2.   World’s First Hydrogen Town; Japan’s First Dynamic Pricing for Electricity 

-Accumulating an unprecedented amount of empirical data for local production and consumption of energy 

Higashida District, Kitakyushu Smart Community Project 



 As the site of the original steelworks, Higashida District was the heart of Kitakyushu, the “town of iron.” A variety of “energy management with local production for local consumption” initiatives are underway in this district, with the goal of intelligently using the energy produced in the area. 

(1) Dynamic Pricing 

-The first pilot study of its type in Japan with resident participation, leading to a 20% reduction in peak energy consumption 

2-DSC01771-RERE In Higashida District (approximately 120 hectares in size), 200 households and 50 businesses participated in Japan’s first pilot study on dynamic pricing involving an entire town. 

 Dynamic pricing involves changing the cost of a commodity in response to demand; in this case, electricity. Dynamic pricing encourages consumers to use less energy during peak consumption times, thus leading to reduced energy use. With weather data such as temperature, times when the demand for power will peak are predicted, and through the smart meter display installed in each home and business, consumers are made aware in advanced of when costs will be higher. This encourages consumers to reduce power consumption, and so decrease peak demand for electricity. 

 According to the data from the two years this study was carried out, starting in 2012, the power consumption at peak times by households participating in this system reduced by an average of 20%.

(2)Hydrogen Town Project 

-A world first, using a pipeline to supply hydrogen produced in local plant


3-DSC01880-RE The Toyota Mirai, the first hydrogen fuel cell sedan to be sold commercially, reached the market last year, and Honda’s new Clarity Fuel Cell will be available for lease or sale starting in March 2016. The release of these vehicles using hydrogen as fuel has prompted the installation of hydrogen stations around Japan, and the usage of hydrogen, said to be the “ultimate clean energy” due to its lack of CO2 emissions, is ramping up. In Higashida District, Kitakyushu City, an initiative to use a pipeline to supply the town with hydrogen produced at a local plant was carried out for four years, from 2011. Large quantities of hydrogen are created as a byproduct of the manufacturing process at Nippon Steel & Sumitomo Metal Corporation’s Yawata Steel Works in the district. This hydrogen is supplied via the pipeline for use in households, businesses, and hydrogen stations. (*Since the project ended in 2015, preparations are underway for a new project.) 

 In order to make a hydrogen-based society reality, there are many aspects to be studied, such as pipeline materials, safety methods, and cost. With the unprecedented amount of experience and data Higashida has, it could play a big role working towards this future.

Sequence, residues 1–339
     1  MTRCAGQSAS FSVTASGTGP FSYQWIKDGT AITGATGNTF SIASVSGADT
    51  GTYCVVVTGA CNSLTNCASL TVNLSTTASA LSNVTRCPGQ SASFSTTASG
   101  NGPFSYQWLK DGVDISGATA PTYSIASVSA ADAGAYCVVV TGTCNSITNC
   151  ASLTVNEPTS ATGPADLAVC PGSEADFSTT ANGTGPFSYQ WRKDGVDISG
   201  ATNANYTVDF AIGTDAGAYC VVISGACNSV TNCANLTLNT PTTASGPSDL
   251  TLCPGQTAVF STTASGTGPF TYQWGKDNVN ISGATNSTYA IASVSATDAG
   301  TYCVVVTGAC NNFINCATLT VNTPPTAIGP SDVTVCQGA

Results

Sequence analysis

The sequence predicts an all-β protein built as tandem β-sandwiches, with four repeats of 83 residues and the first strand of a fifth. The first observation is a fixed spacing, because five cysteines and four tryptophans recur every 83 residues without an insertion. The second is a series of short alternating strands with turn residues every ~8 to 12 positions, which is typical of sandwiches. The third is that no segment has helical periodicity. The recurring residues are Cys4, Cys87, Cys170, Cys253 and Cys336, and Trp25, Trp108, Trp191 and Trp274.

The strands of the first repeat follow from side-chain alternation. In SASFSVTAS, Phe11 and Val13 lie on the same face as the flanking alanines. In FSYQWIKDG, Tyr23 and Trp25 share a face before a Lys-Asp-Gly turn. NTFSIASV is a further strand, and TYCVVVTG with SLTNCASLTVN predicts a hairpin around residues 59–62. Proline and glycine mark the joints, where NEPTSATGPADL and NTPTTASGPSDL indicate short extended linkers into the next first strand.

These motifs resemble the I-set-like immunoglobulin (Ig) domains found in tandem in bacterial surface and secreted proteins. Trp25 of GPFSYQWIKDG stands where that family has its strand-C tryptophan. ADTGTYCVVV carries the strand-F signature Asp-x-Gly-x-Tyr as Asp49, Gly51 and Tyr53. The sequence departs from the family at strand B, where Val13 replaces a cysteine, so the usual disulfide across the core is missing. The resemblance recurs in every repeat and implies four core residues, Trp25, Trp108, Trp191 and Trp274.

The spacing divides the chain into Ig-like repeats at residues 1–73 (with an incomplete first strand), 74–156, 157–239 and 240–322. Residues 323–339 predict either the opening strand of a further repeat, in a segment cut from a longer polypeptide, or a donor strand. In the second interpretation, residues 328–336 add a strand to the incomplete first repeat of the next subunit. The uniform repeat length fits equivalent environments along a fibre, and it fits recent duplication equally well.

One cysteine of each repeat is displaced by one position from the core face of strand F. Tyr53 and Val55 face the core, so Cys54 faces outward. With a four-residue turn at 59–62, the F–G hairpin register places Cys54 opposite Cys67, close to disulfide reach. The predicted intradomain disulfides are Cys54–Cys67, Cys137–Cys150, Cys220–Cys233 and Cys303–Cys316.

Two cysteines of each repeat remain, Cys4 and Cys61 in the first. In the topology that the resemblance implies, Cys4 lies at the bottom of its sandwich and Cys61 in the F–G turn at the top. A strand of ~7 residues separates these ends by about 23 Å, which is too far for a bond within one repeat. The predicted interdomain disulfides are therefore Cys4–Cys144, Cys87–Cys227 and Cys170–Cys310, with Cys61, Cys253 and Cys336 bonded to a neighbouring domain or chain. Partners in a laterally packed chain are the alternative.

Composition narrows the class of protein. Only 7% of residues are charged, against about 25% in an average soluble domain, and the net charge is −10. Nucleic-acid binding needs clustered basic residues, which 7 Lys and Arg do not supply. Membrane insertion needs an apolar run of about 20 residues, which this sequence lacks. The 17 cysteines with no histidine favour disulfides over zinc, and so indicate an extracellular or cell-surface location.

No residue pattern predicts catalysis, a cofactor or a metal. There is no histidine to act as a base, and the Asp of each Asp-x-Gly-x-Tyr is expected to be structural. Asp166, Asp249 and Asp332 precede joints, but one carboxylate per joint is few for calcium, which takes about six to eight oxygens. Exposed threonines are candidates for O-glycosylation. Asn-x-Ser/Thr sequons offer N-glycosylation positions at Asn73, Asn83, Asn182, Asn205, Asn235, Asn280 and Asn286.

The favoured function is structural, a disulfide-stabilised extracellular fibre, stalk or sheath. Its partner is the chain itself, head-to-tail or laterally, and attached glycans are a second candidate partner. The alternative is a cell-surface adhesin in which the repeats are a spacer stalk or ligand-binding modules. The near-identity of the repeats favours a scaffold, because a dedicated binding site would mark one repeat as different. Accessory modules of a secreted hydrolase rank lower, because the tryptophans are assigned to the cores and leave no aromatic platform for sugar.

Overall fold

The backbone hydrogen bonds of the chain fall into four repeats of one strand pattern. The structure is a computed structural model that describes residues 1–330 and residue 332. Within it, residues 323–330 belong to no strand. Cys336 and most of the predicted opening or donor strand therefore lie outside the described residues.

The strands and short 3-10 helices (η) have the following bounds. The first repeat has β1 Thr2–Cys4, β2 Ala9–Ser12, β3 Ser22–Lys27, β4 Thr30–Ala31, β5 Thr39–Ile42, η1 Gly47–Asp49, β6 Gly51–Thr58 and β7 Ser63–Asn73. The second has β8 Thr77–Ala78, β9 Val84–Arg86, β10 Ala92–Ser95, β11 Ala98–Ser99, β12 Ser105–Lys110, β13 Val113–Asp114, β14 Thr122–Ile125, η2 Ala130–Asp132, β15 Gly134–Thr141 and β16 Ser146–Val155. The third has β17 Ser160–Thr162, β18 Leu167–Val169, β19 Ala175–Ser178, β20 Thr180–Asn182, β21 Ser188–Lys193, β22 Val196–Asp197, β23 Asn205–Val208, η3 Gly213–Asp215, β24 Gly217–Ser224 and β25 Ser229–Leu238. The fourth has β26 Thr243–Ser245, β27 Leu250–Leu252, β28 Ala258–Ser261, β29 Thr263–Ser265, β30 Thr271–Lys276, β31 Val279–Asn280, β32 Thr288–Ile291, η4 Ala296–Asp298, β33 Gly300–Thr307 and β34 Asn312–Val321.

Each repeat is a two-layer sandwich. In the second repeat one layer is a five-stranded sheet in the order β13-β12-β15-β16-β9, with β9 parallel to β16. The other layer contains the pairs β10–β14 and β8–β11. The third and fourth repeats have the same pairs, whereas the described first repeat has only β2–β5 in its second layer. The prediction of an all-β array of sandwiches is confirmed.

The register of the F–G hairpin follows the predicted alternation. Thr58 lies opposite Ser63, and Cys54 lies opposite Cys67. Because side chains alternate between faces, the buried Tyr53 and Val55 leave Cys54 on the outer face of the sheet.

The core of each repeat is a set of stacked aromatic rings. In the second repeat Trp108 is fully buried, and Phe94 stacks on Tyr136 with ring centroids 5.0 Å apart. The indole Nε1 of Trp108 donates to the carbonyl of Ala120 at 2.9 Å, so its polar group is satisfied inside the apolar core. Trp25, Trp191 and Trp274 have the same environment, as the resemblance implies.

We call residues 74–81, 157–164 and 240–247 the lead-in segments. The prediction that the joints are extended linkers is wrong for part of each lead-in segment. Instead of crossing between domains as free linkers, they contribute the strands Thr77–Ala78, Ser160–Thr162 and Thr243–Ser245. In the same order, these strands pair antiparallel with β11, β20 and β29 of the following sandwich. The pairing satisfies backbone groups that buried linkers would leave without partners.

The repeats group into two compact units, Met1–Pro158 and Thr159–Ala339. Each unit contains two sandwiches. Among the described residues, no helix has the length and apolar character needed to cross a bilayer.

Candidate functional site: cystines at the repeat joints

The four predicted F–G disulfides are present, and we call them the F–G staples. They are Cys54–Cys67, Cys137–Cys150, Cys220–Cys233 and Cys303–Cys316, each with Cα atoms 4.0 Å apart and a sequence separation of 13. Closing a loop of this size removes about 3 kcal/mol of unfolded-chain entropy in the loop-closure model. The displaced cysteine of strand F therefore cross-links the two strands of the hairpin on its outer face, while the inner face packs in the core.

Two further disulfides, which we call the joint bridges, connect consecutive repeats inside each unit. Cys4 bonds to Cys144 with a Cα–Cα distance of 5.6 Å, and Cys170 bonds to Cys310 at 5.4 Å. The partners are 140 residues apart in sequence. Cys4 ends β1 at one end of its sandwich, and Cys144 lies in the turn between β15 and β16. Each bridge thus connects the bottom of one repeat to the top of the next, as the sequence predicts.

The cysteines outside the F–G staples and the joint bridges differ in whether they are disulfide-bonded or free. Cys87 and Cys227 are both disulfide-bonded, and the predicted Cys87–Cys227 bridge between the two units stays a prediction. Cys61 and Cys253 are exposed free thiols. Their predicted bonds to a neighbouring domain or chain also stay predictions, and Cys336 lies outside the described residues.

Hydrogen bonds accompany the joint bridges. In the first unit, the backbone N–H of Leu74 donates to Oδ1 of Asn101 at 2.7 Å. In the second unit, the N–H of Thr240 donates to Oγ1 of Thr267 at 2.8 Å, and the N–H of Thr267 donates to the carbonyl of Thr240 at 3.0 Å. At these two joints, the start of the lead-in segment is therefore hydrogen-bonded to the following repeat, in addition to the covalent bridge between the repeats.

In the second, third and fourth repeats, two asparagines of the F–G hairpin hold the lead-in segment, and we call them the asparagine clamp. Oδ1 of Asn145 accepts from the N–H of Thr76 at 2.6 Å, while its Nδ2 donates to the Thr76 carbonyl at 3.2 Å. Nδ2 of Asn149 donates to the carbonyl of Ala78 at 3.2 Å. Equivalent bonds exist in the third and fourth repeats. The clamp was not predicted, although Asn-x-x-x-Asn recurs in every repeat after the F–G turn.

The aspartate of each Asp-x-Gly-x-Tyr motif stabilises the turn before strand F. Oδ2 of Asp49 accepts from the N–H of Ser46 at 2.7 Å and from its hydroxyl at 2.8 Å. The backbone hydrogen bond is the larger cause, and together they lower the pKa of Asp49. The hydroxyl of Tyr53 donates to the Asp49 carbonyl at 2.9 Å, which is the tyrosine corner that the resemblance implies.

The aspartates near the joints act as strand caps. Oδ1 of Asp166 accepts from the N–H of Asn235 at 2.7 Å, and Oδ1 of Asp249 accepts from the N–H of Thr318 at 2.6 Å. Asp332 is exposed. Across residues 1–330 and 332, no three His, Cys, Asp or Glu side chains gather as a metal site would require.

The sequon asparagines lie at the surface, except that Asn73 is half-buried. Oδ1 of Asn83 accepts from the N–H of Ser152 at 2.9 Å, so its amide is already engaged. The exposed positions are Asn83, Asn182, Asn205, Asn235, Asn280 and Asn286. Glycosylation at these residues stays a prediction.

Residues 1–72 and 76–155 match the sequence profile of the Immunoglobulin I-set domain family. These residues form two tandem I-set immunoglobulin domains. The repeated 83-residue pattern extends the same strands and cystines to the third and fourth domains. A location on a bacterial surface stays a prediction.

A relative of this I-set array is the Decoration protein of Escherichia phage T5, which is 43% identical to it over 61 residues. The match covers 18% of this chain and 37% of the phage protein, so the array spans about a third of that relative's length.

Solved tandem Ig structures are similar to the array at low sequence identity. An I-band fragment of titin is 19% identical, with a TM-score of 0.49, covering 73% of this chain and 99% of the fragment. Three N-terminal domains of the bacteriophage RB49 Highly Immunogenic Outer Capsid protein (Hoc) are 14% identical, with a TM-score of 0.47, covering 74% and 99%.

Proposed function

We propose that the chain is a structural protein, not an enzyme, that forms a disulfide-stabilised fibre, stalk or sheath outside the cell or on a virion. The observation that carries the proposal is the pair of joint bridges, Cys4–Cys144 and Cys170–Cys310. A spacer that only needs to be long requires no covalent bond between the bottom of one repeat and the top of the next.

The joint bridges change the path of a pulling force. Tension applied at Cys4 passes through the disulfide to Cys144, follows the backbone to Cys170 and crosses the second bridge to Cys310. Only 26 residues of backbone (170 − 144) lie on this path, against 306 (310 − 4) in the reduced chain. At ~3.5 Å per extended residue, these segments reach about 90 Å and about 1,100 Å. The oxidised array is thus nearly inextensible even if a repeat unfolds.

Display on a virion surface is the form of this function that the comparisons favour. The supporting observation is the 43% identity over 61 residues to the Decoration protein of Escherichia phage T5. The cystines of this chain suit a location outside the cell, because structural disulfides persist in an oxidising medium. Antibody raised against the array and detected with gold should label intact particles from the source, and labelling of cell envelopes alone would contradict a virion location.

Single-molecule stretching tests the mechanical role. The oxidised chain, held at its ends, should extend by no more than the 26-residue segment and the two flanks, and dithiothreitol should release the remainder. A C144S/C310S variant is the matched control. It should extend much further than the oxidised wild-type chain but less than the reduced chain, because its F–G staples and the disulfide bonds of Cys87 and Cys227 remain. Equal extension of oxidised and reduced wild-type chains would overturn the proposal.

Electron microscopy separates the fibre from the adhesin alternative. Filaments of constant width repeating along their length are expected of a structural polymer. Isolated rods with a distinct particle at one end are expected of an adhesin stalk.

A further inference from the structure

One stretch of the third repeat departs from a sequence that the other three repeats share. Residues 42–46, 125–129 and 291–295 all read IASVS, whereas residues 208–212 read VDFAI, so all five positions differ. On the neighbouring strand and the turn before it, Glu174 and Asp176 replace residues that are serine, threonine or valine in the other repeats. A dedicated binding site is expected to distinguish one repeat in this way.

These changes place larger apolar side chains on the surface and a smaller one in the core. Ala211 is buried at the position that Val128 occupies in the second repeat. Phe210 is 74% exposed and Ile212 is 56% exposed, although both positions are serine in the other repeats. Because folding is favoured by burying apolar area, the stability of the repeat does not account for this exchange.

The tour will visit the Higashida District Smart Community, and after listening to a briefing about the project, see the control room for Cluster Energy Management System and a home supplied with hydrogen.

 3.   Working Towards Making Jet Fuel from Marine Algae by 2020 

-The production process doesn’t emit CO2. Discovery of a rare algae species that makes oil in cold seasons was the catalyst.

・ J-Power, Wakamatsu Laboratory: Lead Researcher Dr. Mitsufumi Matsumoto 



 This project involves taking advantage of the characteristic of some types of algae that store oils in their structure, using it to produce fuel from algae. The most unique part of the project at the Wakamatsu laboratory is decreasing the energy and cost used in production, so that almost no CO2 is emitted in the production process. Since 2009, J-Power’s Wakamatsu office in Kitakyushu City has been working on a green oil project to cultivate marine algae and make it into jet fuel. With the goal of making it practical by the time of the Tokyo Olympics in 2020, they are researching methods for mass production. 

5-DSC02557-RE According to Lead Researcher Dr. Matsumoto, “If you spend energy and money, it is possible to make as much oil as you want from algae. But it is pointless if CO2 is emitted by using energy in production.” Cultivating algae indoors, with artificial lighting and temperature control, would just create CO2 emissions as it was made. Therefore, producing the algae outdoors is one of the hurdles to making it feasible. 

 The Wakamatsu lab has succeeded at cultivating algae outside with sunlight, year-round. This was made possible by switching seasonally between cultivating solaris algae, which grows in warm environments, and lunaris algae, which grows in cold environments. This method was the first of its kind. 

 Even though there are said to be up to 10 million species of algae on Earth, so far less than 10 species have been found that can both store oil and be cultivated outside. Dr. Matsumoto has found 2 of the treasured algae species that have these characteristics. In particular, the discovery of lunaris, which can grow in a cold environment, in the sea near Kitakyushu was critical to enabling production during winter. 

The tour will speak with Dr. Matsumoto, in charge of research and the discoverer of the rare algae that made low-energy, low-cost cultivation possible. In addition to hearing about the project, with growing hopes that it will be practical by 2020, the tour will also see where the algae is cultivated.